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Baltimore Orioles 4, Houston Astros 1: Tillman outpitches Harrell, O's win

Chris Tillman had a good night and the Orioles defense sparkled as the Orioles topped the Astros by a score of 4-1.

Bob Levey

The Orioles took game one of their series against the Astros tonight thanks to a good performance by Chris Tillman, a bit of timely hitting, and some excellent defense. It wasn't the beat down that I think many of us were hoping for against the worst team in the American League, but every win counts the same in the standings.

Astros starter Lucas Harrell looked a lot better than I expected. He came into this game walking 5.2 batters per nine innings, but he didn't walk a single batter. The Orioles aren't known for taking many walks, so maybe that had something to do with it. He needed just seven pitches to get out of the first inning.

Tillman's first inning wasn't nearly as impressive. He gave up a single and a walk, but thanks in part to a double play he didn't allow any runs. He didn't seem to be hitting his spots in the inning, and he faced more troubles in the second inning. He hit the first batter, Carlos Pena, then allowed him to move to second on a wild pitch. He got the next two batters, but then Matt Dominguez hit a long fly ball to center field that looked like a RBI double. But Adam Jones ran it down to make a fantastic catch to end the inning.

The O's got on the board with two runs in the third inning. Danny Valencia hit a line drive that just barely cleared the wall in right field for a solo home run. Then, with two outs and Manny Machado on third base (he had doubled earlier), the Astros showed us some of that Astros magic. Adam Jones hit a ground ball to Chris Carter at first base. It should have been the third out, but Carter ole'd it and it went into right field. Machado came in to score to make it 2-0.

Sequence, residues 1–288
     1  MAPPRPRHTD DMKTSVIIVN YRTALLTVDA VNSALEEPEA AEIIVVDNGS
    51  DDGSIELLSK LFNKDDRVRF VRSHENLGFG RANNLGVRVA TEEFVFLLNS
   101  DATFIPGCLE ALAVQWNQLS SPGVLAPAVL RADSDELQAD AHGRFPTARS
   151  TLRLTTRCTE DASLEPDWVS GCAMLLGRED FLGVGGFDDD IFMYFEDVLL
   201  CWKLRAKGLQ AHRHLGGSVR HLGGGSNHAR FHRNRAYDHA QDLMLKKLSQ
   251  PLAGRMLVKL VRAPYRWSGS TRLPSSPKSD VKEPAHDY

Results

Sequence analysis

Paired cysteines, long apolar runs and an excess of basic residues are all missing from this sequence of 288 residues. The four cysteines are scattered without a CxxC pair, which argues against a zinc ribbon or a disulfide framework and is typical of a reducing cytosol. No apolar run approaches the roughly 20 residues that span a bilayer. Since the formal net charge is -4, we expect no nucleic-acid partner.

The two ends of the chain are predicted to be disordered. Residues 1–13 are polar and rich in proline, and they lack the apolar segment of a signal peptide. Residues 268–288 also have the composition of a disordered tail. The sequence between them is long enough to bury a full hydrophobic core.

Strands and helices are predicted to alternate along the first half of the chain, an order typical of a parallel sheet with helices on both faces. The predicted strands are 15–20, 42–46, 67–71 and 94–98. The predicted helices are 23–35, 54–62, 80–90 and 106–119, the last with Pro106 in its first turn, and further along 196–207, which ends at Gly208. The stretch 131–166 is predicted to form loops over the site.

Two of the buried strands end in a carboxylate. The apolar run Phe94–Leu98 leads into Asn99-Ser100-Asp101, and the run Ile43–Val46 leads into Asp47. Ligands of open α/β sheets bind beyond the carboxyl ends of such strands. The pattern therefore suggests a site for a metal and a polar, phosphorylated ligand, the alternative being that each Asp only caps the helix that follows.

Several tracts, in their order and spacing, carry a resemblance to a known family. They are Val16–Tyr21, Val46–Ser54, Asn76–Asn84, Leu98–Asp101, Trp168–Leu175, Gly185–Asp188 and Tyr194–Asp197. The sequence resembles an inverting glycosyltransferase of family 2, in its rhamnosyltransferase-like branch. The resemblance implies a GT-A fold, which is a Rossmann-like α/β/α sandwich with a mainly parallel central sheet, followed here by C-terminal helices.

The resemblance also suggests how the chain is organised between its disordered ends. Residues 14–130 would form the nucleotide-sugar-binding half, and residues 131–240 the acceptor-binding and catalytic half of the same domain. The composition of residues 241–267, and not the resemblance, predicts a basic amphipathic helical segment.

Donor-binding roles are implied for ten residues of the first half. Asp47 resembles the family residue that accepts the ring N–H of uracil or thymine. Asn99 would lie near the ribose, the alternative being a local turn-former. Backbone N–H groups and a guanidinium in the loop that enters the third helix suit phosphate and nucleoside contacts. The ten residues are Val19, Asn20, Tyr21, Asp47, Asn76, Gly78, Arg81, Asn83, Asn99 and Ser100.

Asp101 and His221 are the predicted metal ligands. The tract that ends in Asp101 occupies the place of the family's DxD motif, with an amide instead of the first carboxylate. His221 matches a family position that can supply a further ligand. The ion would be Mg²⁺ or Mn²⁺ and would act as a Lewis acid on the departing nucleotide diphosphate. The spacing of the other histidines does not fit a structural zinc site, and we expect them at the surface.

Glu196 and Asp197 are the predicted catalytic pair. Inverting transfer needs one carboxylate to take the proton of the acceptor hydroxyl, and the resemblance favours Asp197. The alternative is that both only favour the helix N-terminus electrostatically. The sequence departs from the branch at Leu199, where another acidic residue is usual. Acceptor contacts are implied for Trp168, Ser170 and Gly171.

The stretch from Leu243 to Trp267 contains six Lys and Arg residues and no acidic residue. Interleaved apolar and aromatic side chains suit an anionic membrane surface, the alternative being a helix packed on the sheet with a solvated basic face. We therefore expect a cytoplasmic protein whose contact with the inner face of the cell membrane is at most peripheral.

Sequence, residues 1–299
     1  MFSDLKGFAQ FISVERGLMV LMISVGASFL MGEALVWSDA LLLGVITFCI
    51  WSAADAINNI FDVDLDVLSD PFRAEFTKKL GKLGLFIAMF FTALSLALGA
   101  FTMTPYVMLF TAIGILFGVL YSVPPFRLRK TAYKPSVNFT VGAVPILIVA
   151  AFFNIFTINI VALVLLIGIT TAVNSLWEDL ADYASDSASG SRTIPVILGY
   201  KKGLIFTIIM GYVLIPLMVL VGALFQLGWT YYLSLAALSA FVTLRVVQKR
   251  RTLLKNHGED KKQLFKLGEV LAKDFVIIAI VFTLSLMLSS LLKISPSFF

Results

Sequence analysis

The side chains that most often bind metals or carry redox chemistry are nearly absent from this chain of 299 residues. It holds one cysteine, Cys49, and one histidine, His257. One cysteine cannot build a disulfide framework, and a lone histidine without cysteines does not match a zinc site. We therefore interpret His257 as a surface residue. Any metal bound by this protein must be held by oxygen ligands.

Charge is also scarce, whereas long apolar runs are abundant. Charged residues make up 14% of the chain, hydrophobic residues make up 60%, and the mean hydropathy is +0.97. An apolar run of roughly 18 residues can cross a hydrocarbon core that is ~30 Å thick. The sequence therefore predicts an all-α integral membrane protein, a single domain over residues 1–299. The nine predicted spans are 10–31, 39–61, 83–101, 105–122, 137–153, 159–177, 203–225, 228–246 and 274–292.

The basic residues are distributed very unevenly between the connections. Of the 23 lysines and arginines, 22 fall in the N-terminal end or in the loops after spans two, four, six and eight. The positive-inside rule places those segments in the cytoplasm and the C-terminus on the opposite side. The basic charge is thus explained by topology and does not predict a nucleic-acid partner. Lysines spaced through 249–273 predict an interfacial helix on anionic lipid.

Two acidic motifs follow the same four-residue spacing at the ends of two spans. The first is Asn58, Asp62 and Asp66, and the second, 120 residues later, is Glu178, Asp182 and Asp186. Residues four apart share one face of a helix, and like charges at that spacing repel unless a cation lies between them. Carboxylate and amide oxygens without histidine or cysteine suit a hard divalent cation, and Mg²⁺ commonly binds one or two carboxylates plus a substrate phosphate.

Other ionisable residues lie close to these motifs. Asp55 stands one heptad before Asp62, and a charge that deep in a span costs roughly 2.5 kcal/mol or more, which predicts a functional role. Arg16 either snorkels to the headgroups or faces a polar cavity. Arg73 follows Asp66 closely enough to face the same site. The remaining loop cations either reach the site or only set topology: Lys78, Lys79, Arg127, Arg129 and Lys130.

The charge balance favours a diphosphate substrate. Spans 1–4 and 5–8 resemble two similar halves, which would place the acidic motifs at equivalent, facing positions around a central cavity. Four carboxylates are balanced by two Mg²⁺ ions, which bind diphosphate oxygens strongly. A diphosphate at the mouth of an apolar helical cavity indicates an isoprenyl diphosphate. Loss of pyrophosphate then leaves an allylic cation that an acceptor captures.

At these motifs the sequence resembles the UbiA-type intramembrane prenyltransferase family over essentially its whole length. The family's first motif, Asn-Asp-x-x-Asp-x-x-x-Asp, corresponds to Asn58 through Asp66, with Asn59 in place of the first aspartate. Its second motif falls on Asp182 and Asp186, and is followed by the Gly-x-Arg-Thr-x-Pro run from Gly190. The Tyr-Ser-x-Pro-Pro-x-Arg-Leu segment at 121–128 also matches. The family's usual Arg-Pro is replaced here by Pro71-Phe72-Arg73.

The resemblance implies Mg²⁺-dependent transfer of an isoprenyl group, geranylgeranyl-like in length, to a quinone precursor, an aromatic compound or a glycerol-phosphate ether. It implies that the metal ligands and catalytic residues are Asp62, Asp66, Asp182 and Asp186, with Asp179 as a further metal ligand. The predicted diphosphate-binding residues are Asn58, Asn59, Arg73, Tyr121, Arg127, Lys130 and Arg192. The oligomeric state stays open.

Starting in the third inning, Tillman got it together and looked a lot better. He struck out the side (all swinging) in the third, with his breaking pitches looking great. He pitched a 1-2-3 fourth inning and though he walked a batter in the fifth, a double play erased the mistake and he faced just three batters. Surprisingly, Harrell kept pace. He allowed just one base runner in innings four-seven, a single to Ryan Flaherty.

Tillman gave up the only run of the game in the sixth inning in the sixth inning when Brandon Barnes crushed a Tillman mistake pitch to left field for a solo home run. Jose Altuve followed that with a single and just as I started to wonder if Tillman had lost it, he finished the inning and then pitched a scoreless seventh to close out his night. His final pitching line was: 7 IP, 4 H, 1 R, 2 BB, 8 K. Not bad at all.

The Orioles added insurance runs late in the game, one each in the eighth and ninth innings. The pitcher who replaced Harrell, Wesley Wright, didn't pitch poorly. But he was completely victimized by Nate McLouth. McLouth singled, stole second, stole third, then scored when the catcher made a bad throw to third trying to catch him. It was the only base runner he allowed.

Tommy Hunter pitched a scoreless bottom of the eighth but again was helped out by a great play from Adam Jones. You can be the judge, but it was maybe better than the catch he made in the second inning.

In the top of the ninth, J.J. Hardy doubled with two outs, his second hit of the game. He came in on an RBI single by Flaherty, who had himself a pretty good night. The run gave the O's a three-run lead heading into the bottom of the ninth for Jim Johnson.

JJ looked shaky at first, missing his spots high. Jason Castro hit a bullet that Flaherty made a sweet play on to get the first out. Johnson immediately gave up a single to follow, but before I could think "here we go again," Johnson got his mojo back and struck out the next two batters to end the game.

All in all a satisfying victory by the Orioles, if not as dominant as I had hoped. The two teams play again tomorrow night with Freddy Garcia facing someone named Dallas Keuchel.